Monday, May 28, 2012
Kings: 5 things to know about Drew Doughty
By Dan Arritt
Name: Drew Doughty, Los Angeles Kings
Height/Weight: 6 feet, 212 pounds.
Seasons with the Kings: 4
What’s his role? Doughty might be the most skilled player on the team. The Kings count on him for defense, of course, but he’s as much of a weapon on offense as any of the forwards. He’s a player who can rub an opponent off the puck in his own end, then snap a perfect clearing pass to a teammate 60 feet away. He can carry the puck into the neutral zone with speed, then use his powerful skating ability to weave through defenders and quick hands to get off a well-placed wrist shot. He hasn’t come close to matching his 16-goal, 59-point season from two years ago, and maybe never will, but he’s still better than 90 percent of the defensemen in the NHL.
What has he done lately? Doughty has been one of the keys in L.A.’s deep playoff run. He’s been especially strong in the three series-clinching victories, contributing a goal and three assists with a plus-5 rating. He made a smooth move to get below the goal line in Game 5 of the Vancouver series and made a perfect pass to Brad Richardson for the tying goal, allowing the Kings to clinch the opening-round series in overtime. He had a goal and two assists in Game 3 of the second-round series against the St. Louis Blues, his first three-point game of the season, then assisted on Dustin Brown’s game winner in Game 4 to complete the sweep. In Game 5 of the Western Conference final against the Phoenix Coyotes, he had a goal and an assist in the series-clinching overtime victory.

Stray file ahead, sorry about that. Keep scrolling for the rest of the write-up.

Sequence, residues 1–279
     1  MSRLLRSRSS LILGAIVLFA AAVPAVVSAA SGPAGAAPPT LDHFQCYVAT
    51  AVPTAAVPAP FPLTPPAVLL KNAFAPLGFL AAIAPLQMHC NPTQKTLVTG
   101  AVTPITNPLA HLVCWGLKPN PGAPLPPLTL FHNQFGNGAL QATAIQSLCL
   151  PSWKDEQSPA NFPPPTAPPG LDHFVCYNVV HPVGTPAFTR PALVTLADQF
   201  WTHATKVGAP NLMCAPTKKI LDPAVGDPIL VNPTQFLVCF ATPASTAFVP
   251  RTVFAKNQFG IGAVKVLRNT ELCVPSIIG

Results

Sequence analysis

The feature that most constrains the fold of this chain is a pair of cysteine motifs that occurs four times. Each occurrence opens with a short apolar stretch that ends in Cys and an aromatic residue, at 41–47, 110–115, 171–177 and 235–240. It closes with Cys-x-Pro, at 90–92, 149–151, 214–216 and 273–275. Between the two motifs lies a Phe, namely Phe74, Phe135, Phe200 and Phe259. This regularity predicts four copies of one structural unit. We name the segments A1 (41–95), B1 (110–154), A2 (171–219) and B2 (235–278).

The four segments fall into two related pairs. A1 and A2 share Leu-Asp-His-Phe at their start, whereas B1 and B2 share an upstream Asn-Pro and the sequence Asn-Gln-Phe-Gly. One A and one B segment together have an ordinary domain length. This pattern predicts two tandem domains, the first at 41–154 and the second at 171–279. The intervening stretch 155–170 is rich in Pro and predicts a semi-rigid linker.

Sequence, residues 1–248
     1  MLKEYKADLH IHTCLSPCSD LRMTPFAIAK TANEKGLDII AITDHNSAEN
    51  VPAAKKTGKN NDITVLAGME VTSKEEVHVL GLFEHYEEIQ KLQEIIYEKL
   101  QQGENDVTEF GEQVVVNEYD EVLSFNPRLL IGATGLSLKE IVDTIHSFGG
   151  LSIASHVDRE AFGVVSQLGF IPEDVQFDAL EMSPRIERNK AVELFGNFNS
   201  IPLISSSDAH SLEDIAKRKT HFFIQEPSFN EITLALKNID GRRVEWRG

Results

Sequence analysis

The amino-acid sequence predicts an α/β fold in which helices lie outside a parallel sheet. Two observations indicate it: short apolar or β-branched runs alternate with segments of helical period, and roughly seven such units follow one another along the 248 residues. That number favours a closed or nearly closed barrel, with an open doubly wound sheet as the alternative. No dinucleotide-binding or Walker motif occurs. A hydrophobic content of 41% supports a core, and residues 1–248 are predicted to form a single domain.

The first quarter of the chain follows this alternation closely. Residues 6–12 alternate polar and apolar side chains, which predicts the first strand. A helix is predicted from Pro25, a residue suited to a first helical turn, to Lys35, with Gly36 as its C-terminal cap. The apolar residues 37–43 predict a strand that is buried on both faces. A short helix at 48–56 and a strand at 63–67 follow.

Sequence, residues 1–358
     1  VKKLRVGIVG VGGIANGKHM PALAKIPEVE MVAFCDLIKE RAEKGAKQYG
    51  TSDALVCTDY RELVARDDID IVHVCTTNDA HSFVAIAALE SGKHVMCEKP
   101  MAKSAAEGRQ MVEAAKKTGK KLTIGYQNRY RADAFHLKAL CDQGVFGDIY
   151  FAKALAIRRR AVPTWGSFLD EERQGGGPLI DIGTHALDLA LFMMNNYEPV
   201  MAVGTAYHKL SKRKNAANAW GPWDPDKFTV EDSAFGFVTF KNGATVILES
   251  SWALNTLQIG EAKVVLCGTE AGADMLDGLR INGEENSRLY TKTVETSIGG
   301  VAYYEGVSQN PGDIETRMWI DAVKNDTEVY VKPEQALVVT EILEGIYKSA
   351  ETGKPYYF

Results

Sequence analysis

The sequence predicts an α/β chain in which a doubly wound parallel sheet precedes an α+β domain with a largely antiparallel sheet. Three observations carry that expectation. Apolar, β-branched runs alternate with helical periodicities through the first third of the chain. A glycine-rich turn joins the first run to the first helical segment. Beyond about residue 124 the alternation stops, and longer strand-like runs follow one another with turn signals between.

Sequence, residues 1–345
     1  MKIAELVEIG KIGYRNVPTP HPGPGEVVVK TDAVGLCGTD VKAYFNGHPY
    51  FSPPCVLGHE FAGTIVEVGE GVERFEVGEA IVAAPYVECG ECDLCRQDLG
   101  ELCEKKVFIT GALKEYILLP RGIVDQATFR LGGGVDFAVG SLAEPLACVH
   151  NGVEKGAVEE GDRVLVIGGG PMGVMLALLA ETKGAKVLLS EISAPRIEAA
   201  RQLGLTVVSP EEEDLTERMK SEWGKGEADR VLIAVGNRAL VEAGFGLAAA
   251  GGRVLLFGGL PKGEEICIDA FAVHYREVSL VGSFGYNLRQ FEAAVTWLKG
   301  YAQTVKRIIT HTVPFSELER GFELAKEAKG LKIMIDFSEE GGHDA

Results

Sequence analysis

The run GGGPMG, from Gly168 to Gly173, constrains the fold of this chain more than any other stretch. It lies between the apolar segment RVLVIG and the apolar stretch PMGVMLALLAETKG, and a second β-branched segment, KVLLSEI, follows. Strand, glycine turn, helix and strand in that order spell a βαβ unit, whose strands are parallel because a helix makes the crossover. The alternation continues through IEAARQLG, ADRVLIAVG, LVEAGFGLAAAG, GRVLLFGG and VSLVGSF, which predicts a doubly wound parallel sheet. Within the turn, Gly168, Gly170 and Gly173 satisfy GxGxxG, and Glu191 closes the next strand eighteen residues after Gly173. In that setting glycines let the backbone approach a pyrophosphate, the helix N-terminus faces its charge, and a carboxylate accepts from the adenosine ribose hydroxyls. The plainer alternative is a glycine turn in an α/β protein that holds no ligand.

Where you’ll find him on the ice? Paired with Rob Scuderi on defense, Doughty spends most of the time defending his own net from the right side of the ice. When he sees daylight, however, he’ll make a push toward the opponent’s end, usually right up the gut. He sometimes gets in trouble when he ventures too deep and turns the puck over, but more often than not he makes the right decision. On the power play, Doughty mans the blue line, looking for a crack in the defense so he can slip the puck through with his thunderous slap shot.
What he does best? Nobody changes from defense to offense swifter than Doughty. He’s quick to recognize opportunities to join the rush, and confident enough to start one on his own. As one of the best skaters on the team, Doughty is very elusive with the puck, a skill set rarely seen in a young defenseman. Having him on the ice is like having a fourth forward.
Another comparable athlete? Like Doughty, Evan Longoria of the Tampa Bay Rays was a top-three draft pick who made his pro debut in 2008. Both set the bar very high early in their careers, producing their best offensive seasons in their sophomore years. Longoria is also similar to Doughty in that he's just as good on defense, winning Gold Gloves in 2009 and 2010. Attaining greatness so early can lead to lofty expectations, however. When they’ve failed to reach that bar in ensuing years, they've left the door wide open for criticism.